A life issue, climate change deserves greater attention

November 1, 2016

Cross-posted from NCRonline.org

The East River Generating Station in New York City is seen on Aug. 11, 2015. (CNS/EPA/Justin Lane)

There is one life issue that has not received the attention it deserves this election cycle: climate change. Among the consistent ethic of life issues at stake in this election, perhaps none is greater in scope and gravity.
For Pope Francis, climate change “represents one of the principal challenges facing humanity in our day.” As he writes in “Laudato Si’, on Care for Our Common Home,” climate “is a common good, belonging to all and meant for all.” At the global level, Francis affirms how climate is “a complex system linked to many of the essential conditions for human life.”

Yet we continue to live by an outmoded model of economic development that accelerates grave risks to the essential conditions for life on the planet. Although fossil fuels powered the Industrial Revolution, burning coal, oil and gas contributes to historic atmospheric levels of trapping greenhouse gases that change the Earth’s climate.

In a Sept. 20 open letter, 375 members of the National Academy of Sciences, including 30 Nobel Laureates, write about two interconnected tipping points: environmental and political. The scientists write that our “fingerprints are visible” in the retreat of Arctic sea ice, ocean acidification, sea level rise, and altered rain patterns.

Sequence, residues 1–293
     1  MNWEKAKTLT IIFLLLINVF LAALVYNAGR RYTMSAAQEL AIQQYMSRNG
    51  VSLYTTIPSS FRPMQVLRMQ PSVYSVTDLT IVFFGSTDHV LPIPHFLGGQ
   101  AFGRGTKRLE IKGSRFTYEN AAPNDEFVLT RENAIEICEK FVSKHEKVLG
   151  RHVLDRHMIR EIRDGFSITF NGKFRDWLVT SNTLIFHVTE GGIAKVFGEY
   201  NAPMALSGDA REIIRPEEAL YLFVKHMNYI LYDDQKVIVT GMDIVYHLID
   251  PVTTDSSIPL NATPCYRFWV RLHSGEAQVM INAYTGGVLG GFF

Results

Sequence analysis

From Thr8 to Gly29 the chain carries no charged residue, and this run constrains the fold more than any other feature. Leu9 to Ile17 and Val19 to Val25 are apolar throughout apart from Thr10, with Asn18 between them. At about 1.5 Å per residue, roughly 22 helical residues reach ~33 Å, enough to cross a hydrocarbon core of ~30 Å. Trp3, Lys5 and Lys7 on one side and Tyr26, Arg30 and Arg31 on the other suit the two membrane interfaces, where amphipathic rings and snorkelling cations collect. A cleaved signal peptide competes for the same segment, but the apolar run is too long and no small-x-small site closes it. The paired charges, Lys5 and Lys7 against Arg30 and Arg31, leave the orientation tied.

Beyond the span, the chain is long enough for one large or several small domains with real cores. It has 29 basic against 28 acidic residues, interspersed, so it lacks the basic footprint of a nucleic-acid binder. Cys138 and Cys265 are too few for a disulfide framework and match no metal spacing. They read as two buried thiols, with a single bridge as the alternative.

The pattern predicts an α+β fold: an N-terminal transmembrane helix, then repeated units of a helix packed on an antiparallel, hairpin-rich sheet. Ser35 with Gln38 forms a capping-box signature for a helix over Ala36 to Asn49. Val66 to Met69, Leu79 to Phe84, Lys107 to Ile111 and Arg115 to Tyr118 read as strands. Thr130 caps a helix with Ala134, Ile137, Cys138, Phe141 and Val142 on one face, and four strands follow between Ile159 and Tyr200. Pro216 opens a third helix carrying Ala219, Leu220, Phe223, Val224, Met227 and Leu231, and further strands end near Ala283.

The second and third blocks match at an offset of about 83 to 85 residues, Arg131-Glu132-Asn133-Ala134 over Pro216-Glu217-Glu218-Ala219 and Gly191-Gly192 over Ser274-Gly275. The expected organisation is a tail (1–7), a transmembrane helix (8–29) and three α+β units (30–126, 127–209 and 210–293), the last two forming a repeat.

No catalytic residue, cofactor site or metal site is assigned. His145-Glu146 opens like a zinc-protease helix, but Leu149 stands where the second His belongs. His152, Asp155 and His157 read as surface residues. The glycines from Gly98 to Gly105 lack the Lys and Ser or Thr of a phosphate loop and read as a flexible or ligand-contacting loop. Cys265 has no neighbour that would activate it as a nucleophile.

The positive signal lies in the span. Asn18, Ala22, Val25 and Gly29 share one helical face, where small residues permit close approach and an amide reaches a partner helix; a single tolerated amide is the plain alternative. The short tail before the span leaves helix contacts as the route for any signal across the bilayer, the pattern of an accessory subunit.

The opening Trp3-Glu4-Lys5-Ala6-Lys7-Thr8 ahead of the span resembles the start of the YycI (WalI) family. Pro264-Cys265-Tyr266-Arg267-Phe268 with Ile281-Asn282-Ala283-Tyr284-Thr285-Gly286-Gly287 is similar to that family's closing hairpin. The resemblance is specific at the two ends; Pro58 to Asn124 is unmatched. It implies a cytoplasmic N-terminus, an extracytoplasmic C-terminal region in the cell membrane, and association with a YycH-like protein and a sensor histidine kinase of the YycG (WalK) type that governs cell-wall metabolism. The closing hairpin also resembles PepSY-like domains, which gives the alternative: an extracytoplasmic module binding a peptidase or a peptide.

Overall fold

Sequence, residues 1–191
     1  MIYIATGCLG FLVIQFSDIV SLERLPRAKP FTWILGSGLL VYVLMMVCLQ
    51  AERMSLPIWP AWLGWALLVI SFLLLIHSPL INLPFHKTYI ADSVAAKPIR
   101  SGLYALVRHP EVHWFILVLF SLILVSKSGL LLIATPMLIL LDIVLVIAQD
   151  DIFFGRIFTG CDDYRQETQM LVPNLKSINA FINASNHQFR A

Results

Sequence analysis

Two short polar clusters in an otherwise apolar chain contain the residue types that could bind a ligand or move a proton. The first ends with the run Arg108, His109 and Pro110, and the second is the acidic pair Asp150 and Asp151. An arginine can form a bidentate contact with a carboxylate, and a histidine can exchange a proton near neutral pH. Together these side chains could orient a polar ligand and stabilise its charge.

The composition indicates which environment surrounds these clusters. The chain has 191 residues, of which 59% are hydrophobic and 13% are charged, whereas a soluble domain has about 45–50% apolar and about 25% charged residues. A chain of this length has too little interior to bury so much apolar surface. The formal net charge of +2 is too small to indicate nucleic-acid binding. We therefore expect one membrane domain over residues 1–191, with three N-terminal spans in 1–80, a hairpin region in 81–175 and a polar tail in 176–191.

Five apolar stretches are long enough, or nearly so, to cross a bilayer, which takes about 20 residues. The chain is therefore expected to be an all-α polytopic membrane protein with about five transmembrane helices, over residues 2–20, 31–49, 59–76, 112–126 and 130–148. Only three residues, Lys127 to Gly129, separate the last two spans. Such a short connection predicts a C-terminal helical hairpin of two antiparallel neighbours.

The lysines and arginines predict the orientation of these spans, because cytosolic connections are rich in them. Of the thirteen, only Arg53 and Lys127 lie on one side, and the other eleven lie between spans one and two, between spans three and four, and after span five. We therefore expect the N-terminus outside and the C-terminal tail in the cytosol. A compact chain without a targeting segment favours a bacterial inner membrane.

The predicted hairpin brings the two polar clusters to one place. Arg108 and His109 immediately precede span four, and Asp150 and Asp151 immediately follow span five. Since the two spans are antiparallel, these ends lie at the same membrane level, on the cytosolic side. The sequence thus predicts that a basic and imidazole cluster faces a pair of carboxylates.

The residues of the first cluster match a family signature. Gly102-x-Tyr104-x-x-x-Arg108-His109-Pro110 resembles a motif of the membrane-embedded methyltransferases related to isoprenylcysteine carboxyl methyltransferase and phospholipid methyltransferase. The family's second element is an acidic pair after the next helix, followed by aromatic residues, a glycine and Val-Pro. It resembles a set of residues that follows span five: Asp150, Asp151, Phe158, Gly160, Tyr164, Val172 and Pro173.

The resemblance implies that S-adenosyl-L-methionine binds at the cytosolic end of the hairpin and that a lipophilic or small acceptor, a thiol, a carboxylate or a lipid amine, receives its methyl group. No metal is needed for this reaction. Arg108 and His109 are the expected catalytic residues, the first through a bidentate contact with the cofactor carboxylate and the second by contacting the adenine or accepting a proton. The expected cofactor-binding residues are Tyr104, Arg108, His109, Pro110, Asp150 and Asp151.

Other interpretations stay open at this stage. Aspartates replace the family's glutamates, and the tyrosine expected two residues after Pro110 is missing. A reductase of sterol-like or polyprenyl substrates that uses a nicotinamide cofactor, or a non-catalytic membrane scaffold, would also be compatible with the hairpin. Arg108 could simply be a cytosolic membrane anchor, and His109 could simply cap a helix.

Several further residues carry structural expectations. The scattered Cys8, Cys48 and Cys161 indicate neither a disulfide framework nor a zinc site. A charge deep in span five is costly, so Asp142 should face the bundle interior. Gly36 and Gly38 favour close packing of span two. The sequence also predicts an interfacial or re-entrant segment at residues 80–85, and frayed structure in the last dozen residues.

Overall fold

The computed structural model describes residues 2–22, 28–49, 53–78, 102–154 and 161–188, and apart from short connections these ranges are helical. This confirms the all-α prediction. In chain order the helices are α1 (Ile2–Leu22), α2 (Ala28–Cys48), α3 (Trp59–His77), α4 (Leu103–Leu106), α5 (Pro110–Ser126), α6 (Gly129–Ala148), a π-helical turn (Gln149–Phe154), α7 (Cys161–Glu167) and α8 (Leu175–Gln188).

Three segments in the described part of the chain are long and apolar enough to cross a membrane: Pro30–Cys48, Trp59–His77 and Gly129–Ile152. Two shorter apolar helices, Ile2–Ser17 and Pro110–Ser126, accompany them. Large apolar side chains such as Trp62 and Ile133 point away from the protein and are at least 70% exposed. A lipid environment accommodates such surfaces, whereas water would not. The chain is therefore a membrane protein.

Francis underscores these concerns, noting how these changes create a host of threats to ecosystems and human life. For example, sea level rise poses extreme risks to a quarter of the world’s population that lives on coasts, including the majority of the world’s megacities. Climate change has also contributed to significant changes in agricultural growing seasons and animal migrations that in turn drive human migration and refugee crises, and exacerbate conflicts over resources and land.

Absolute certainty about the human impacts on climate change is unattainable, the scientists write, yet “we are certain beyond a reasonable doubt, however, that the problem of human-caused climate change is real, serious, and immediate, and that this problem poses significant risks to our ability to thrive and build a better future, to national security, to human health and food production, and to the interconnected web of living systems.”

Francis laments how, if present trends are not abated, “unprecedented destruction of whole ecosystems” entails “serious consequences for all of us.”

The scientists of the National Academy of Sciences explain that studies of temperature and sea level change over the last million years demonstrate environmental “tipping points.” They are uncertain how proximate we are to environmental tipping points now. However, they continue, we do know that rapid warming of the planet will likely trigger tipping points for which there is no return. These changes will not last one or two election cycles; rather, they will set in motion large-scale changes in ocean circulation, loss of major ice sheets, and species extinctions that will last thousands of years.  As the National Academy of Sciences members suggest, nations that lead the way toward decarbonizing energy systems will also be economic, political and moral leaders in the century ahead.

We need to follow Francis’ call for a new revolution to an ecologically centered ethic that sustains the delicate ecosystems of our one and only common home. This is the fundamental life issue of this election and this century.

Alex Mikulich is a Catholic theologian who serves as assistant director of mission and ministry at Loyola University New Orleans.